For me, your model is already very nearly that ridiculous. I believe I am not alone in my bewilderment as to the stunning conceptual obfuscation evident in your analysis. It is far-fetched and contrived to the extent of being unintentionally parodical of queer theory. Are we actually to believe that in the ancient times a long-term sexual relationship between two men was "pederastic" without betraying a trace of what we would now label homosexyality simply because it began when the age difference was more pronounced? You seem to divide sexuality to orientations (which are psychological categories) in purely sociological terms with no regard to the psychology behind various acts and relationships. It is all socio-cultural minutae with no consideration of underlying psychology. You speek of the difference between faith and positive evidence. As far as I can see, it is clearly a faith-based assumption to say that homosexuality did not exist when positive evidence to the contrary exists. There is a sexual relationship between two men: the less likely and indeed highly improbable conclusion would be that homosexuality was not at all possible.

Many of the social identities and institutions which render homosexual desire intelligible to the late modern individual differ from those whose development the cultures of ancient societies made possible. But just as Greek antiquity had its own myth of male homosexuality, as embodied by the idealised model of pedagogical pederasty, it also had its transgressions – the tabooed homosexual relationships between men which did not fit an established social form. Our own time has not tried to confine male homosexuality into an established social institution but into a category of psychopathology. Now it is "gays" and all the culture-specific stereotypes and behavioural patterns it entails; the summ of which somehow comprises, in the mind of the average man of the street at least, what is dubbed homosexuality. The surface variation does not, however, cancel out the fact that it was psychologically possible in Plato's time, as it is now, for a man to be sexually attracted to another man.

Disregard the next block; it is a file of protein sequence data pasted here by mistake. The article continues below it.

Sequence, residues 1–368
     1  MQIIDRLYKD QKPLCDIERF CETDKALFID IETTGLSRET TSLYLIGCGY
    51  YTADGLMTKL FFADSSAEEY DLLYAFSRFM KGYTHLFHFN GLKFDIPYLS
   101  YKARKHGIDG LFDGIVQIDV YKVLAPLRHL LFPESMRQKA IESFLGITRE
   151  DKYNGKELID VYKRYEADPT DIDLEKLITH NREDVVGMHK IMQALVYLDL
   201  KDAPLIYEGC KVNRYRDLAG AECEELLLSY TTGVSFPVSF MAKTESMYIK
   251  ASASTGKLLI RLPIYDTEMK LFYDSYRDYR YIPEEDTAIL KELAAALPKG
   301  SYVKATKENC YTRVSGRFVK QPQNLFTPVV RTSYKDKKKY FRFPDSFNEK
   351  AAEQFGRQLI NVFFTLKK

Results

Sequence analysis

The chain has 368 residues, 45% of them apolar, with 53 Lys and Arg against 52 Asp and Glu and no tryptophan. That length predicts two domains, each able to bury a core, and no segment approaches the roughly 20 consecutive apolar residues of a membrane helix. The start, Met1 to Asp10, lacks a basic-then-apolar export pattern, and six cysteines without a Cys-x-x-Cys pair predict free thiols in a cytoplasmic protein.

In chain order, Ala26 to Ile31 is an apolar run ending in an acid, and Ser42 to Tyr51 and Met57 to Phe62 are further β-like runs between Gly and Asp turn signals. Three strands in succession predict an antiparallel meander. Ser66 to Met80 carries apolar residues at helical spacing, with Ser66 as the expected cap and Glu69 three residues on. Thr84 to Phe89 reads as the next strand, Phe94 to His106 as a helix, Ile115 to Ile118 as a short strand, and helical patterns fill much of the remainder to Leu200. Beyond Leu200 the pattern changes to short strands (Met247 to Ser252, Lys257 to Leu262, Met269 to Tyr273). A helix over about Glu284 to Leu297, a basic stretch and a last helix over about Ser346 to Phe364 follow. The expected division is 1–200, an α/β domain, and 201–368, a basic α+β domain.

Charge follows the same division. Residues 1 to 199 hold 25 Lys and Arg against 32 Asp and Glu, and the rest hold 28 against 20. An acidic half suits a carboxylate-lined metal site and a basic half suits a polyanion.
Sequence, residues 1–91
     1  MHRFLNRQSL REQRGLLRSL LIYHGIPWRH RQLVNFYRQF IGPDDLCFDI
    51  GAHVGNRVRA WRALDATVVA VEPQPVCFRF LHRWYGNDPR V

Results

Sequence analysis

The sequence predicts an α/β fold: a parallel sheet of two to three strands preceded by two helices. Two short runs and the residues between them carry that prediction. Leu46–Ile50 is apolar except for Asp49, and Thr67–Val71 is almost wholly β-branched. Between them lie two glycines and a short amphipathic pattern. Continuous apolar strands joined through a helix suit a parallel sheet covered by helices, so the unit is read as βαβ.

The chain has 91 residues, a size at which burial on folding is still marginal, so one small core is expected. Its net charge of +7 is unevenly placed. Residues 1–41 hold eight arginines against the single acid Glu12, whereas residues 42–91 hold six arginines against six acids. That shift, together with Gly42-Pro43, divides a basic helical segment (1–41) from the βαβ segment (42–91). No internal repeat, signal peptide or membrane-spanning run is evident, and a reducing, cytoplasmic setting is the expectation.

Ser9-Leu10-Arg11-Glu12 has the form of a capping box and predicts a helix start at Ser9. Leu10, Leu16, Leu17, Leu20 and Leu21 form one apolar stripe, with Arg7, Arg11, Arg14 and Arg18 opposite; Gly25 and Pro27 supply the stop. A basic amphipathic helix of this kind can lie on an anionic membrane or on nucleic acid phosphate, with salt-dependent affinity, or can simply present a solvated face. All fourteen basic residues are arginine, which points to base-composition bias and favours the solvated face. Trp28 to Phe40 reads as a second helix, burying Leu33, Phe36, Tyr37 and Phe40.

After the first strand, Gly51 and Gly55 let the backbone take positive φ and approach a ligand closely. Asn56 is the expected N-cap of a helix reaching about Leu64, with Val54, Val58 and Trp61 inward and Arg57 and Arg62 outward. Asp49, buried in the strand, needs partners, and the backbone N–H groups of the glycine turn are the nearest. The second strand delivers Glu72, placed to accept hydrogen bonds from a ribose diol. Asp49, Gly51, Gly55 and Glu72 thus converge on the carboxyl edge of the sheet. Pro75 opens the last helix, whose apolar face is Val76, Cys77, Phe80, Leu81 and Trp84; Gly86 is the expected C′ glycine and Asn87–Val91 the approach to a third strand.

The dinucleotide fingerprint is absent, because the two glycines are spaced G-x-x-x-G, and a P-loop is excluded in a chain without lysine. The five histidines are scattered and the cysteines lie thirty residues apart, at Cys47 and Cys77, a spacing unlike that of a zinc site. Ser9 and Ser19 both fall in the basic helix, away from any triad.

http://www.chs.harvard.edu/_/File/_/plato_symposium_brisson.pdf

Posted by: Matti | Monday, April 23, 2007

How then ( if homosexuality didnt exist before the 1400's) do you explain Alexander the Great who was know to have a adult male lover? Another is Ceasar Agustus who also had Many male lovers. Not youth, not children! your saying no homosexuality existed before modern times is a bunch of bunk...I suggest you do more study...and put the FACTs not falsehoods.

Posted by: Bob | Friday, January 18, 2008

Bob,

"How then ( if homosexuality didnt exist before the 1400's) do you explain Alexander the Great who was know to have a adult male lover?"

He also could access, and had, female lovers.

Matti,

"Your model falls apart as soon as we abandon the artificial sociological categorization you have devised and turn to the generic psychological definition of the concept: all same-sex sexuality is homosexuality, regardless of the type of relationship in which it finds expression."

I think I agree with this... and that such is my point.

I'm arguing that exclusive male-male sex, in avoidance of male-female sex, is a modern phenomenon.

"Your model seems to be in a permanent state of ad hoc redefinition, which is made possible only by its dismissal of any consideration of the psychological aspect of male-male sexuality. Where will it end? Will the perennial revision of the category of "homosexuality" finally reach the stage when it only includes the sexuality of those men who have sexual relations with men and who are also part of a modern style gay subculture: "There could not have been anything genuinely homosexual in ancient Greece because there were no discos. Show me a discotech in ancient times and I will believe you! Show me just one discotech that dates to antiquity!""

A good and valuable point. I wonder where the line between the new and the old is, and if it really is as superficial as discos.

Posted by: Dan tdaxp | Friday, January 18, 2008

I think homosexuality have existed since many centuries ago. It doesn't matter the age or the time we are living nowadays. Perhaps the only factor that changes is that the tendency to appearing more homosexuals are more common now.

Posted by: Cheap Viagra | Tuesday, August 03, 2010

Post a comment